Christina of Sweden 1626–1689 Queen of Sweden
Christina of Sweden
Queen of Sweden
Crowned queen in 1644, Christina of Sweden was a patron* of the arts and a lifelong scholar. She became heir to the throne at the age of six after her father, King Gustavus Adolphus, died in battle. The education arranged for the young princess included traditional male subjects such as politics, mathematics, and science to prepare her to rule.
Christina took the throne at the age of 18. Early in her reign, she oversaw the peace talks that ended the Thirty Years' War (1618–1648). She also gained control over Sweden's political structure, previously dominated by an unruly noble class. She was an effective ruler, and within five years had gained unlimited authority. It was at this point that Christina announced she would never marry, making the issue of succession* a problem. Christina's cousin Charles was named as her heir.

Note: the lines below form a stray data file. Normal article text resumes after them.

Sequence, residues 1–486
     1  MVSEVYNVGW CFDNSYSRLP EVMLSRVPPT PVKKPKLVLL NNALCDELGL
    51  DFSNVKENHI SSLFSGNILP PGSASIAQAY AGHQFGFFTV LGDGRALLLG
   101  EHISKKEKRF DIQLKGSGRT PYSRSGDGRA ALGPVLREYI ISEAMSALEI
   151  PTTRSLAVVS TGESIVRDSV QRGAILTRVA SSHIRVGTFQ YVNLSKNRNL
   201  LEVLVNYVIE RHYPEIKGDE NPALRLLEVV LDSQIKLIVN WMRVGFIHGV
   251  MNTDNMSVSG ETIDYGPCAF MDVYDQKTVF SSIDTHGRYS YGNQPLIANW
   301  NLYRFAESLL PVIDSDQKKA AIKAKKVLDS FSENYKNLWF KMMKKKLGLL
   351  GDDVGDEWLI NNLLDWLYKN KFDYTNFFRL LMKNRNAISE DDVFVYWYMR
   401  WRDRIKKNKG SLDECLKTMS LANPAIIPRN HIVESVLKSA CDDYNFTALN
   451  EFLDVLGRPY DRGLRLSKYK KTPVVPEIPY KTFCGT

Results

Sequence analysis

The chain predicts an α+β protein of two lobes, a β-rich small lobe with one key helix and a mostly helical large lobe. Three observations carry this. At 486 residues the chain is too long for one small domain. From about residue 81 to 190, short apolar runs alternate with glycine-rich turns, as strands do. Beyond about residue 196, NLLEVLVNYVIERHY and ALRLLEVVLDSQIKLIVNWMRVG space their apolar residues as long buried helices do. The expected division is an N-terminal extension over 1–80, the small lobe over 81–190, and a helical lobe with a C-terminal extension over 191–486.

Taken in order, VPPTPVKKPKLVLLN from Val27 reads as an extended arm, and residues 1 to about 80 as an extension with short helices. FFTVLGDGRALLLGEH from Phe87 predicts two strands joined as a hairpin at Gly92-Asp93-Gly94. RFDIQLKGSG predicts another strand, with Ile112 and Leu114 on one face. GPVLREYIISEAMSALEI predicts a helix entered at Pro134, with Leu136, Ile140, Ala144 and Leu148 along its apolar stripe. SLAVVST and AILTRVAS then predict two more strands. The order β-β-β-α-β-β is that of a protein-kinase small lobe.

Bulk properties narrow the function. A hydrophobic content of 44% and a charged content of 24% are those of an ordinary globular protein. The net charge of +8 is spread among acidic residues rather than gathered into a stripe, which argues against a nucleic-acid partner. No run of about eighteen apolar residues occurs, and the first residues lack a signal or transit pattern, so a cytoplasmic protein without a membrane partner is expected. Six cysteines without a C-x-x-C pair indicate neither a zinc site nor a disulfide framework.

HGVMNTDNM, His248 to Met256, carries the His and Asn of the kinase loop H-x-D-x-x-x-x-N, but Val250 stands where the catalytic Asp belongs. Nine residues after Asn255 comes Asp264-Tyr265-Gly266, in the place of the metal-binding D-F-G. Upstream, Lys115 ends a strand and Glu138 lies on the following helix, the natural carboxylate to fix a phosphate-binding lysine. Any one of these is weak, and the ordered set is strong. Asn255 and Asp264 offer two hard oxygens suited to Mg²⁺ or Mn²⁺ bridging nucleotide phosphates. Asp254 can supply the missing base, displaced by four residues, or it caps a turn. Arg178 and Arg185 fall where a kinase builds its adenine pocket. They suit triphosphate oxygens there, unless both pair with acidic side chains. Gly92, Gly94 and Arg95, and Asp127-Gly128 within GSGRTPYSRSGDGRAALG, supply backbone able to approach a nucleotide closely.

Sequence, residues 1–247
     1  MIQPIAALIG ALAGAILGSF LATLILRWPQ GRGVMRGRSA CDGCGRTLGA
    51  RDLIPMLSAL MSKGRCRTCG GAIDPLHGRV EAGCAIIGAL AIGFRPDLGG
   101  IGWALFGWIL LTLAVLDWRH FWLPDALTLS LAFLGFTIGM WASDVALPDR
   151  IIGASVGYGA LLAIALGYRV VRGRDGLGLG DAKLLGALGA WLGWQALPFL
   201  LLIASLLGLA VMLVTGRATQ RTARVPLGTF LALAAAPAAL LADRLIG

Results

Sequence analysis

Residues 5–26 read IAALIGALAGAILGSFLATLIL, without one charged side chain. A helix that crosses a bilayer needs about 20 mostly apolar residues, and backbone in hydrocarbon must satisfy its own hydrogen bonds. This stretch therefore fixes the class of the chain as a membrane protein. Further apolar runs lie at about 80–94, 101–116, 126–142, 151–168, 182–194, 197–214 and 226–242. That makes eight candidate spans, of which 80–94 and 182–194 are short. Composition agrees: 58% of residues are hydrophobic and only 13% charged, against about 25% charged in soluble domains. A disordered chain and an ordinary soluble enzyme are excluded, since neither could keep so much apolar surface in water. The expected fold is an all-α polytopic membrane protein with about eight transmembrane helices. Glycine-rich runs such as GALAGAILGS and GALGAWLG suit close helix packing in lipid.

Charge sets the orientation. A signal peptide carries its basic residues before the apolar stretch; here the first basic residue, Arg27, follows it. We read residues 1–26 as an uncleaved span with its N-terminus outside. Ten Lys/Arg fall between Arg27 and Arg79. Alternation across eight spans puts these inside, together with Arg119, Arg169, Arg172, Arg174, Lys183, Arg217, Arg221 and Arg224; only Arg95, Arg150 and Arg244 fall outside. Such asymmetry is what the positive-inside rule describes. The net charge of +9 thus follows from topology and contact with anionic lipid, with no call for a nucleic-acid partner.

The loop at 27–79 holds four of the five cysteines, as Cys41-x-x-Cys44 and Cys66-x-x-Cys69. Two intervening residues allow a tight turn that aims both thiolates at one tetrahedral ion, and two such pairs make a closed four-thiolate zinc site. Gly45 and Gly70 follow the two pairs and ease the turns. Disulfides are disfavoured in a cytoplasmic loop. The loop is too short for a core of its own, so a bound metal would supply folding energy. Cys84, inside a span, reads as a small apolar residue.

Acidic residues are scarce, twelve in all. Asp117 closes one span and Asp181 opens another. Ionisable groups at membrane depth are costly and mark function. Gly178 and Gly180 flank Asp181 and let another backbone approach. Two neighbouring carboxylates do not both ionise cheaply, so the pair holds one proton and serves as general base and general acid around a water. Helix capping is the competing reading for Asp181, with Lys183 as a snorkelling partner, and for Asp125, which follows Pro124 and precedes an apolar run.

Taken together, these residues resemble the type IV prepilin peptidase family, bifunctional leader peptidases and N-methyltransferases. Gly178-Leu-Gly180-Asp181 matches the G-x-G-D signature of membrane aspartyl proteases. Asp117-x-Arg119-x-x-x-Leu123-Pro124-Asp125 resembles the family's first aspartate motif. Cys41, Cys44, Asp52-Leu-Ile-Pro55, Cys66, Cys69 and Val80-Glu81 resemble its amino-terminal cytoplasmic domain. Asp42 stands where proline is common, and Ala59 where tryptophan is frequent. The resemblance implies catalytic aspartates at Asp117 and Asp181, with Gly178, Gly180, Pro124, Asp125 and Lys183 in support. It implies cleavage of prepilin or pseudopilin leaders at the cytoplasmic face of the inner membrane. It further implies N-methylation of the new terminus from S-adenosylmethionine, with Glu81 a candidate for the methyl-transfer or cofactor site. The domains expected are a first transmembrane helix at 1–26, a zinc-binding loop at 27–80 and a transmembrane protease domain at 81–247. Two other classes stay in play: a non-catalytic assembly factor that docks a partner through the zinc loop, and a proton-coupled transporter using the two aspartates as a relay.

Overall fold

Christina presided over a brilliant court, surrounding herself with artists, musicians, and scholars. She dedicated her life to the pursuit of knowledge and regularly studied in her library, one of the largest in Europe. In 1654, at the height of her power, Christina abandoned the Lutheran church of Sweden and converted to Roman Catholicism. As a result, she had to give up the throne. She spent the rest of her life in Rome, where she maintained an influential court and continued to support the arts.
- * patron
supporter or financial sponsor of an artist or writer
- * succession
determination of person who will inherit the throne